template< typename Left, typename Right>
std::size_t Vecpair<Left,Right>::getSize(void)
{
return( numElem );
}

//  Returns the pair at the given position.
template< typename Left, typename Right>
std::pair<Left, Right> Vecpair<Left,Right>::atPos(unsigned idx)
{
return( internal.at(idx) );
}

//  Returns the first pair.
template< typename Left, typename Right>
std::pair<Left,Right> Vecpair<Left,Right>::front(void)
{
return( internal.front() );
}

//  Returns the last pair.
template<typename Left, Typename Right>
std::pair<Left,Right> Vecpair<Left,Right>::back(void)
{
return( internal.back() );
}

• I don't see what benefits this provides over just using the original type. Can you give an example of a usage that yours is better for? – Leo Adberg May 18 at 2:13

I believe you had to put typename before std::vector<...>::iterator to make it compile. iterator is a dependent name, thus compiler needs a hint (well, in reality it doesn't need it in context of type alias declaration, it is just how syntax is defined before C++20).

## Interface

Lets address the elephant in the room first. This class trims down the features of std::vector<std::pair<T, U>> without any visible benefit. Things like std::back_inserter will not work because members are named with different name, comparison operators will not work, there are no type aliases inside the class so users will have to write template metaprogramming for simple things, and so on.

I do not see any benefit of using this instead of std::vector<std::pair<T, U>>.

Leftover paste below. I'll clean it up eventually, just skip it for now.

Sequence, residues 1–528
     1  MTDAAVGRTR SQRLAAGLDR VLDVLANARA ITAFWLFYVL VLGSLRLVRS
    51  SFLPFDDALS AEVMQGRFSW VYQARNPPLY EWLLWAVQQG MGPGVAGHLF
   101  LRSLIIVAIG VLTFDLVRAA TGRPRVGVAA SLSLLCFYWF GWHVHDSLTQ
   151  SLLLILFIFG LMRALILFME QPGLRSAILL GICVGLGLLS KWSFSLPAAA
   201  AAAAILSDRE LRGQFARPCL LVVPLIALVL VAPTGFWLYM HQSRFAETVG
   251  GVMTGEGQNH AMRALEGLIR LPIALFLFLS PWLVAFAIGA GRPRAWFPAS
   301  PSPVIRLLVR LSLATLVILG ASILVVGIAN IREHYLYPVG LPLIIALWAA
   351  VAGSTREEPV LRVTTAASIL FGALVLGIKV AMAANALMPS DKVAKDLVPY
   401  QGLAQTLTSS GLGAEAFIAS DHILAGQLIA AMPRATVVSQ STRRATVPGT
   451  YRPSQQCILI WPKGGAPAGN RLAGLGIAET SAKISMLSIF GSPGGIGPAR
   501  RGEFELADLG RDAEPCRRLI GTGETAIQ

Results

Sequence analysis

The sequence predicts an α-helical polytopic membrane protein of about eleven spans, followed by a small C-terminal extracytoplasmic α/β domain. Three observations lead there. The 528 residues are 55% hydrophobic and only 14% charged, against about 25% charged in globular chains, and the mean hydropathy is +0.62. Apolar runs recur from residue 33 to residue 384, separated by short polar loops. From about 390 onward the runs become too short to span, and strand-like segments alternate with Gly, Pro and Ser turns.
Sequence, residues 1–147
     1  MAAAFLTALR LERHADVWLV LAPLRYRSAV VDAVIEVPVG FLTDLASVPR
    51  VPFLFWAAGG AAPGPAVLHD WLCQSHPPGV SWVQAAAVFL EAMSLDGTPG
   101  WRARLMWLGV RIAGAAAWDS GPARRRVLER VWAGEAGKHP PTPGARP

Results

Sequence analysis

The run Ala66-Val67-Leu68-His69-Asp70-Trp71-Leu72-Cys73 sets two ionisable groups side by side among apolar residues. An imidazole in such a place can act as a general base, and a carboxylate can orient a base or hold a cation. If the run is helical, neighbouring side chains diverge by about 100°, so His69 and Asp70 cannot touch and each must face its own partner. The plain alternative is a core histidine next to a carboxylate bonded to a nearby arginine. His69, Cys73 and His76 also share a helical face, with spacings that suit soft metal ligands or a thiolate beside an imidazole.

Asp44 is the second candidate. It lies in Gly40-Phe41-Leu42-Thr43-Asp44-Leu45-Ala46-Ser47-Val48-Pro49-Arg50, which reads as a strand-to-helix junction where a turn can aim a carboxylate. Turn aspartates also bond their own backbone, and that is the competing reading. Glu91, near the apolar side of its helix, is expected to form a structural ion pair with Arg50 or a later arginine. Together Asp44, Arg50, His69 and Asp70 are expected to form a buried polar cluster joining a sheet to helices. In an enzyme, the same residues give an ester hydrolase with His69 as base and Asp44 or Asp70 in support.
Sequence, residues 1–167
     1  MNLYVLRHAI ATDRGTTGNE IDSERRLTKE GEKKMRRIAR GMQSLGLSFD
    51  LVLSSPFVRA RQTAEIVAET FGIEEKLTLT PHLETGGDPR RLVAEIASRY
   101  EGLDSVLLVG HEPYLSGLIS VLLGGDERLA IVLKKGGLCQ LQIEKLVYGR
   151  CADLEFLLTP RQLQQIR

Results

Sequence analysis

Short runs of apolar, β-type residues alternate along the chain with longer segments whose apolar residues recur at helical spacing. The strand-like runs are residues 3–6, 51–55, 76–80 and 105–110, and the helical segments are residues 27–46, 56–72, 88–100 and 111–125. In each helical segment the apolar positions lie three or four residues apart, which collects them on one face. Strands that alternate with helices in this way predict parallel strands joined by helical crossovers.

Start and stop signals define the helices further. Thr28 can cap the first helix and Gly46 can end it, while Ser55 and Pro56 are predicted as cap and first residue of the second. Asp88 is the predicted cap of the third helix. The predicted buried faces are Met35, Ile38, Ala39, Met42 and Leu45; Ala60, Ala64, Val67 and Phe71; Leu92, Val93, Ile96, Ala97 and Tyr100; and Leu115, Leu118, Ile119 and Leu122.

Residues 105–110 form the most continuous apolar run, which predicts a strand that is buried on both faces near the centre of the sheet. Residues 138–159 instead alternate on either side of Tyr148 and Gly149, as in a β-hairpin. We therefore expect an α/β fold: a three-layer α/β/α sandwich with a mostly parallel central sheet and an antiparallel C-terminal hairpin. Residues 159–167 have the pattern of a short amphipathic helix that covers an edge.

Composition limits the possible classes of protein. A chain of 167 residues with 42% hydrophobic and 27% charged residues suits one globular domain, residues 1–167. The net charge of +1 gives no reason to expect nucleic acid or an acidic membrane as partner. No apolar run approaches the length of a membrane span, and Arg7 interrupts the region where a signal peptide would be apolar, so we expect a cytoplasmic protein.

## Implementation

There is no need to have void in the parameter list, empty parameter list means the functions doesn't take any parameters.

numElem looks redundant.

Access functions should be const, possibly noexcept.

Some functions are defined inline, some are not, although they are of the same complexity. This might lead to nasty linker issues.

Putting return value in () might get problematic. When using things like decltype, that will actually alter the result.

## Designing interfaces

Wrappers are usually made to streamline one way of usage, possibly without losing any expressive power over original. I believe the main idea was to provide a two-way mapping from two continuous ranges. When designing such wrappers, it is important to understand under which constraints the wrappers are going to work. Let me throw some from top of my head:

1. The input will be in the form {index-like, index-like}

2. Two ranges are continuous (from 1 to 26, from 'a' to 'z' given ASCII)

3. It is possible to normalize the values (e.g. substract a value to make the first one 0), for example for letters it will be substract the value of 'a'